10 | MEDIA TIMES 2013 • Center for Media Freedom & Responsibility

It is during the rainy months of July to September and even beyond when typhoons, ϐloods and landslides decimate entire communities. But this year a 7.2 magnitude earthquake struck the provinces of Bohol and Cebu during the same season, and was followed by the most powerful typhoon to ever make landfall in the Philippines. Yolanda (Haiyan) smashed into Aklan, Samar, Leyte, Antique, Mindoro and Palawan inϐlicting on those islands the worst devastation in nearly a century, with Tacloban City in Leyte bearing the brunt of the typhoon’s 315 kilometer-per-hour winds.

With 2,360 deaths, the Philippines led all other countries in the number of people who died from disasters in 2012. It was ahead of China, which was second with 771 deaths, according to the non-governmental Citizens Disaster Response Center (CDRC). The Philippines was second to China in terms of the number of people displaced by typhoons, landslides and ϐloods, who lost their belongings and homes and suffered various economic losses. In 2012, 12 million people were so affected in the Philippines compared to 43 million in China. But the Philippines is likely to lead all other countries this year in terms

Typhoon HaiyanMEDIA image by TIMES NASA | 11 Center for Media Freedom & Responsibility • 2013

of the casualties from typhoon Yolanda — over 5,000 and still rising as of this writing — if not in the number of people affected. The country’s vulnerability to disasters is the context in which, come the rainy season, some of the biggest media organizations launch disaster relief and even rescue operations — and make sure that their publics learn about it — through their own capacities for disseminating the information via the airwaves, online or in print. Although it is seldom so described, these activities could be explained as indicative of Philippine media organizations’ commitment to corporate social responsibility (CSR). CSR is part of a business model intended to demonstrate that corporations are not solely devoted to proϐit-making but are also interested in promoting the social good. Oil companies take pains to show that they’re guarding the environment, for example, and drug companies that they’re promoting public health. WHAT’S IN A NAME? However, most Filipinos and the media themselves are more familiar with “epal,” rather than with CSR. “Epal” is from the word “papel,” or paper, which when made into a verb in the Filipino language means to play a role. It refers to the practice of self-promotion common among Filipino politicians who, between, during and after the country’s frequent elections, hang up streamers claiming that a street is being paved, or a village hall built, courtesy of the mayor, councilor or congressman of the town or district. During the holiday season or when students graduate in March and April each year, the streamers also wish everyone a Merry Christmas, or congratulate new graduates. During disasters such as typhoons and earthquakes, one of the most pernicious forms of self-promotion is that of stamping repacked relief goods meant for stricken communities with the name of the local politician. In most cases public funds have been used for the streamers and the repacking. “Epal” efforts use the citizenry’s own money to promote the politician’s focus on keeping his or her name in the public mind. Civic groups have been campaigning against the practice, as a result of which the media have also condemned it and ridiculed self-promoting politicians. But the reality is that the media too call attention to their relief and other efforts, lest these escape the attention of their viewers, listeners and readers. Media self-promotion was evident not only in the aftermath of typhoon Yolanda but also during the typhoon’s multiple island landfall. It was basically of two types. The ϐirst consisted of emphasizing how much of a risk their reporters on the ground were taking, to the extent that they later interviewed their own reporters themselves, which happened in the case of ABS-CBN’s Atom Araullo. While Araullo did provide the information millions of Filipinos were anxious to receive when the typhoon struck Tacloban City, his network’s interviewing him was in violation of the ethical imperative during the coverage of disasters that the journalist should be not be part of the news or even be the news himself. The same lapse was in evidence in the case of the same network’s Ted Failon’s dramatizing his presence in Tacloban during the typhoon, and focusing on his own news team’s sentiments and fears. The second type of self-promotion consisted of some networks’ publicizing not only their pleas for donations from the public — donations they distribute in their (the networks’) names rather than those of the donors — but also in their publicizing through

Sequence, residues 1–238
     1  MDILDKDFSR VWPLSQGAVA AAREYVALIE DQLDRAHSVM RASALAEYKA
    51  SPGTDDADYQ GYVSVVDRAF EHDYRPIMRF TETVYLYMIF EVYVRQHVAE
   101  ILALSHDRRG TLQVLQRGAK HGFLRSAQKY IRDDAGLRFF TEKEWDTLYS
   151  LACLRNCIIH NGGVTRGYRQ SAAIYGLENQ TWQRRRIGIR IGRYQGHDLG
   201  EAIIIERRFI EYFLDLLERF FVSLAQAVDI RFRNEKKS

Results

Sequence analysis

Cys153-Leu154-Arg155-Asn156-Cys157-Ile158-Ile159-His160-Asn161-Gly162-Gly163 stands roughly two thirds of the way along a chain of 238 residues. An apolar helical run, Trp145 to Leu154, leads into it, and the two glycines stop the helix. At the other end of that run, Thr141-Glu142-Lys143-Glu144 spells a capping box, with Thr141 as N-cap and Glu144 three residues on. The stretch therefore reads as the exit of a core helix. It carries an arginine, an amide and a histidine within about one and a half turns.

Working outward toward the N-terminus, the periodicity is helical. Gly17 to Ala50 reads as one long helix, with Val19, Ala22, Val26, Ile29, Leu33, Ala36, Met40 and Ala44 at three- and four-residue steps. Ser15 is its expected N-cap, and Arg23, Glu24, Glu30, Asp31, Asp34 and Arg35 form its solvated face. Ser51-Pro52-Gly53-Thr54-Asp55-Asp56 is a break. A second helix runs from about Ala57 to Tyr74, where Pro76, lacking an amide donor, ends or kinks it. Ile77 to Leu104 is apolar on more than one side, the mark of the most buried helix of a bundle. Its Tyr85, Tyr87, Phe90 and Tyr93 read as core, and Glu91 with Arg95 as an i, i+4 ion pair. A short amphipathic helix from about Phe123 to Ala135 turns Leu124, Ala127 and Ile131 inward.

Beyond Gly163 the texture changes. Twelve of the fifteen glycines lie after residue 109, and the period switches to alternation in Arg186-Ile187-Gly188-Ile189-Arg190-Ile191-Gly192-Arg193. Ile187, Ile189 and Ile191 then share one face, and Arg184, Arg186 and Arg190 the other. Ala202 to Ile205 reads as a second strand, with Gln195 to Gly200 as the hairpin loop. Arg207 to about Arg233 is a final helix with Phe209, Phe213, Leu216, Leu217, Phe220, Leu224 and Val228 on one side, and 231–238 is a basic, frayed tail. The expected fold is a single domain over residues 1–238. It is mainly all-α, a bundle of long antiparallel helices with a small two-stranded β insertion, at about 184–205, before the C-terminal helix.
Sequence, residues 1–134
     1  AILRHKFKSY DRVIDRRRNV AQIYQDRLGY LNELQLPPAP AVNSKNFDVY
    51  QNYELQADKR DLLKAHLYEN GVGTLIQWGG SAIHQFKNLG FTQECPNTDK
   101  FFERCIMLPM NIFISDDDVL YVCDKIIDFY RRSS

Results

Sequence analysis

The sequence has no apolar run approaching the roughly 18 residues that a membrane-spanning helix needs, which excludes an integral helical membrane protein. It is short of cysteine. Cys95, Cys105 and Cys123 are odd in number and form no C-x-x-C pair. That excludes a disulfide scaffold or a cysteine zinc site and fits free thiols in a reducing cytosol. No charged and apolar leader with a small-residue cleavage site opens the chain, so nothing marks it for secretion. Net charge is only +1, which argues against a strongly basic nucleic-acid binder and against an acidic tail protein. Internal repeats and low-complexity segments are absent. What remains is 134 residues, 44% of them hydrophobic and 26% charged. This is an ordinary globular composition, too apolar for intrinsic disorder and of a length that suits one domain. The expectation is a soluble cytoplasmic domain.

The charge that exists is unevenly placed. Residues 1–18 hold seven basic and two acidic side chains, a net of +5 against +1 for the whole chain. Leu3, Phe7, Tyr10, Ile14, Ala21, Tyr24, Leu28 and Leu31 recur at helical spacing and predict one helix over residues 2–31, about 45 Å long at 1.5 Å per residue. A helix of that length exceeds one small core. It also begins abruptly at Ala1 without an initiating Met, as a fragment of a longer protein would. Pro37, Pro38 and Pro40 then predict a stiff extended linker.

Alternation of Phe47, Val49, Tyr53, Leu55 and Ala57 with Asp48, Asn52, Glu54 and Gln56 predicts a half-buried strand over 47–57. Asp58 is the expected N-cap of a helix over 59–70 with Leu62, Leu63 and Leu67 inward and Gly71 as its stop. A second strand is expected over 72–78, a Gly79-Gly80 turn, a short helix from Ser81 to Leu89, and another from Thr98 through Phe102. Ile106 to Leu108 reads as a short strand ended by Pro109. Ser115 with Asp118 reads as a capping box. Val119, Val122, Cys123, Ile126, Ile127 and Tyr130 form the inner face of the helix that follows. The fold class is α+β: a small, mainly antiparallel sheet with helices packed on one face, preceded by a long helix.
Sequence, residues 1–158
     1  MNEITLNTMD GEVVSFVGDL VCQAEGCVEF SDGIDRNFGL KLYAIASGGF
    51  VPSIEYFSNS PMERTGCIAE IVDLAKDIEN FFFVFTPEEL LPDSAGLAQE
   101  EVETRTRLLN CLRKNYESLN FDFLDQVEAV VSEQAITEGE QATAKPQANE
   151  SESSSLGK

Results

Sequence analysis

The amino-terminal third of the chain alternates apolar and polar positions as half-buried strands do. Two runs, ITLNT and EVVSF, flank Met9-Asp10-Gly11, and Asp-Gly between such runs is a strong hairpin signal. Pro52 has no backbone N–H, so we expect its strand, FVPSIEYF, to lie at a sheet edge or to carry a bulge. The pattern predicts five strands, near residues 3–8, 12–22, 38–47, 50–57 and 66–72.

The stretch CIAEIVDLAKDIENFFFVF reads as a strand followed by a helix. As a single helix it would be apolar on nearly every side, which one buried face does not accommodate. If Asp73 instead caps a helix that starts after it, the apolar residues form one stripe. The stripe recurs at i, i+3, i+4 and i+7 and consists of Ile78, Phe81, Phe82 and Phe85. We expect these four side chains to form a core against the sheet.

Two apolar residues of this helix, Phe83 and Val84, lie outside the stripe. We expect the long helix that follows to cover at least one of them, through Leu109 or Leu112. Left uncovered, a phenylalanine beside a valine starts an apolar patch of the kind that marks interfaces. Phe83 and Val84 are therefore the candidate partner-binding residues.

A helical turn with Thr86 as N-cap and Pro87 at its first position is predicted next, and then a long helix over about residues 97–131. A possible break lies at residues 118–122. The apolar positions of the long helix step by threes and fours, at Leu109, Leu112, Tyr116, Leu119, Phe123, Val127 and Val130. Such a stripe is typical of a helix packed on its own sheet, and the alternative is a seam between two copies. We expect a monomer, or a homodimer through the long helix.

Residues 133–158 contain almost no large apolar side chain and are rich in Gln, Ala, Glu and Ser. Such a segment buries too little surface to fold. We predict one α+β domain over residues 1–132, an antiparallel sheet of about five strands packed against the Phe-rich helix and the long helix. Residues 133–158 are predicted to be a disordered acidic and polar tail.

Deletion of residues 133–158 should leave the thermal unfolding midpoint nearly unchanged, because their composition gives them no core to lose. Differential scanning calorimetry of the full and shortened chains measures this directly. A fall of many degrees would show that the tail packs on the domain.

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Among the ruins and rubble in Tanauan, Leyte, Philippines, aid had been slow in reaching the millions who were displaced by typhoon Yolanda. International efforts have been building up as food and other basic necessities were airlifted to remote communities. PHOTO BY ALANAH TORRALBA